Tuesday, March 11, 2008


I've been mulling this over for most of the week. As much as I don't want this blog to be overly political, I also don't want it to come off too preachy. With that in mind, I still have to reflect on a troubling experience from the past week.

Nothing happened to me or anyone I know. In fact the injured party has long since sought closure. I was listening to the radio (something I've been doing a lot with the new job) and one of my coworkers had left the radio tuned to [insert conservative Christian talk radio program here]. I don't even know the name of the program, but you can imagine, I suppose.

The guest on the show was reflecting back on a situation in which he and his wife had neglected to show their son the necessary amount of love and acceptance. I believe the topic began with tattoos. He was saying how their son had been raised to understand that tattoos were unacceptable. He never used the word sinful or immoral, but the implication was there.

This particular story was about the son's first real job, in which he worked with a group of "other people." The father, in his reflection, acknowledged that the family had been more demanding than accepting and seemed to be truly repentant of such, however the attitude with which he told the rest of the story broke me up inside and I've remained "off" since.

He said that his son began to get piercings and talked about tattoos. The father attributed this entirely to an insecure and spiritually weak boy trying to fit in with his new friends who were showing him love and acceptance (the tone of voice indicated that this unconditional acceptance was one of those evil things that "the world" does). One day his son came home and the father spotted a tattoo under the sleeve of his t-shirt.

As the son revealed the crown of thorns imprinted on his biceps, the father recalled, in a tone of ridicule, how his son broke down in tears telling him, "I just needed to make a commitment to God; I got this done to remember what he went through for me." The father followed this part of the story up with a laugh as if to say, "silly boy, why bother with such foolishness." He clearly thought that his son was stupid for believing God could be honored by this vile artwork.

The son continued and asked for his father to help him pick out a scripture verse to have tattooed underneath. At this point the host chimed in with equal incredulity, "He did not? What did he expect you to do?" The father replied, "I gave him the Leviticus verse that says, 'do not tattoo your bodies; thus sayeth the Lord."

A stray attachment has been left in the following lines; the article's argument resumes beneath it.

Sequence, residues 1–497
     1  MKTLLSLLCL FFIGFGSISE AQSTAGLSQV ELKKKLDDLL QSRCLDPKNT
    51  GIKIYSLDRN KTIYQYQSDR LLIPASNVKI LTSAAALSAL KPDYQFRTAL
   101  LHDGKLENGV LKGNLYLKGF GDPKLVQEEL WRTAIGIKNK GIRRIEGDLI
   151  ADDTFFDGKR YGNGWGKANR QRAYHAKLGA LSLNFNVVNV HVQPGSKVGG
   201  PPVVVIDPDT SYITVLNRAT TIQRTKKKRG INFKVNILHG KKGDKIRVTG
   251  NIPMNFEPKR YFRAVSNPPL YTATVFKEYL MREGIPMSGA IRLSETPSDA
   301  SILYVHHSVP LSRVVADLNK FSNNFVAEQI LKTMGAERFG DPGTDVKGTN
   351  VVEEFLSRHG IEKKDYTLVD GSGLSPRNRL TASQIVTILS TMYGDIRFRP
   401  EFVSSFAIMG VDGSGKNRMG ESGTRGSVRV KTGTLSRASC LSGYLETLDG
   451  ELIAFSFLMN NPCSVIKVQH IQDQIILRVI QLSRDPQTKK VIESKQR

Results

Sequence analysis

I turned the radio off and let out a loud string of unintelligible expressions of frustration and anger. This whole story was meant to illustrate how foolish this kid had been at 22 years old. How silly he was to think he could mix his faith and his culture without angering almighty God. All I could think was how easy it is to hate Christians. This man, some sort of authority (although I never caught his qualifications to be a guest) doesn't understand the most basic concept of the gospel.


It's all about love. It doesn't take and expert, heck, it doesn't even take a Christian to figure out what this situation was really all about. Here was a kid, adjusting to life as an adult but lacking in real, loving relationship to his parents seeking to reach out, not only to them, but to the faith they spent his whole life professing, only to be shot down and sent off to those sinners who don't care about how well he conforms to their norms.

Now, this story was prefaced by the fact that this son is now "back in the fold" and an upstanding Christian. I am overjoyed that the love of God overcame the callousness of God's self-proclaimed representatives, but I struggle with this story. I am a Christian who got a tattoo symbolic of my faith before I had any real faith of my own. I look back now and understand that I wouldn't do things the same way now, but that doesn't lessen the absolute correctness of the action in its time. I've been saying simple prayers for this unnamed son, that his forgiveness, his understanding of faith could transcend the experiences of his past. I think we all need those prayers now and then.